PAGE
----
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Ancient Deity Drawing May Shed Light on Rise of Andean Religion

Peruvian gourd with deity drawing



JONATHAN HASS (top) JILL SEAGARD (bottom)/ COURTESY OF THE FIELD MUSEUM
A painted gourd fragment recovered from Peru has added an interesting piece to the archaeological puzzle of where and how religion evolved in pre-Columbian Andean society. Estimated to be more than 4,000 years old, the artifact may be the earliest representation of one of the principal gods in primitive South American religion.

The people who would have made this object are thought to have lived between 2600 B.C. and 2000 B.C., more than 3,000 years before the Inca and well before ceramic pottery was invented in the Andes. The gourd fragment was found in the Pativilca River Valley about 120 miles north of Lima; its decoration makes it noteworthy. In the current issue of Archaeology, Jonathan Haas of the Field Museum in Chicago describes the relic and reports that it appears to be engraved and painted with the likeness of the Staff God, an important deity in later Andean cultures. It depicts a fanged creature holding a staff in its right hand and whose left hand appears to be a snake¿s head. (The image above shows the gourd fragment (top) and an artist's representation of the drawing depicted on it (bottom).) According to the article, the remains of the gourd were radiocarbon dated to 2250 B.C., plus or minus 48 years. The find thus hints that Andean religion may have originated nearly 1,000 years earlier than previously thought, the authors claim.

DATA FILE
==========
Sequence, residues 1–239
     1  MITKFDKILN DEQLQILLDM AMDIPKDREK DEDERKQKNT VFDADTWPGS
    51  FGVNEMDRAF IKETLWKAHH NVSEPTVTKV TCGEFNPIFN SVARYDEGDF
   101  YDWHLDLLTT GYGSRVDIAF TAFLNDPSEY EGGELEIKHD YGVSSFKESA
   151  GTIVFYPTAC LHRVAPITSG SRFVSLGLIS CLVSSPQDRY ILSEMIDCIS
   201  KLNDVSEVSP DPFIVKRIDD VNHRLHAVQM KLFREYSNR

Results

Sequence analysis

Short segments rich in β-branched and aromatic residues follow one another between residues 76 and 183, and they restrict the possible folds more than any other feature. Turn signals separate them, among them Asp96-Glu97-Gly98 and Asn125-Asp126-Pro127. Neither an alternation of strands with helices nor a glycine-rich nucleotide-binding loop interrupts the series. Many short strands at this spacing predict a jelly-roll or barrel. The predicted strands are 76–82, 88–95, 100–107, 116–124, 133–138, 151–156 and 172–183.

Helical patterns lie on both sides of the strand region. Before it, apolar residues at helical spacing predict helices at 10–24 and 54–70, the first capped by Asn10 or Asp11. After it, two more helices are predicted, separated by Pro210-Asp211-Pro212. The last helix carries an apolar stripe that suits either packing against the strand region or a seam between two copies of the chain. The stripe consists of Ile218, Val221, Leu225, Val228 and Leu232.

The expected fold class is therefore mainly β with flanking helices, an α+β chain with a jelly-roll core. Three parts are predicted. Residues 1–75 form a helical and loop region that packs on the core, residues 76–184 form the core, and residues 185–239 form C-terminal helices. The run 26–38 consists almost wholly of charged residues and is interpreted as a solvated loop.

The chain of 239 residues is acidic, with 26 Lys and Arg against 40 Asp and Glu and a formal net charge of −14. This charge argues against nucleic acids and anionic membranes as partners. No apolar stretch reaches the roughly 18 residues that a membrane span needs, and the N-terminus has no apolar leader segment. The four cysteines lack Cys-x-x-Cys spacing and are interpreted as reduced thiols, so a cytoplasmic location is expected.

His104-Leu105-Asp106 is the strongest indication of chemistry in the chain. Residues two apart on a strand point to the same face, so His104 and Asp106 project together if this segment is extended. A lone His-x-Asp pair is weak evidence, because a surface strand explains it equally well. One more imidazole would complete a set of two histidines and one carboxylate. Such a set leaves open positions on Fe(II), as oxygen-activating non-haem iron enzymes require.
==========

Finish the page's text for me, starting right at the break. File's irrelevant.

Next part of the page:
Found in a cemetery, the gourd comes from a site similar to at least 26 other locales in the Pativilca River Valley and surrounding Norte Chico region, Haas says. Yet to be published radiocarbon dates for textiles, reeds and other gourds from the area all have been assigned dates between 2200 and 2700 B.C. "It¿s a whole complex that is the base of Andean civilization," he comments. "It starts here in Norte Chico and fluoresces through the rest of civilization."

Meanwhile other researchers, including John Rick of Stanford University, would like a more detailed examination of the figure on the gourd before drawing any conclusions about its significance. "Was this the point from which all things radiated?" Rick questions. "If it really is a Staff God, that will make things interesting." For decades archaeologists have suspected that religion and ceremonialism stretched back to the pre-Ceramic period. Some believe, as Haas does, that religion and culture evolved in one region and spread to other areas over time. Others think there was simultaneous, parallel cultural evolution in disparate regions. "There are a lot of dimensions to what the religion was like and when," Rick says. "Does that mean religions were similar, based [solely] on a gourd fragment? You couldn¿t go there."

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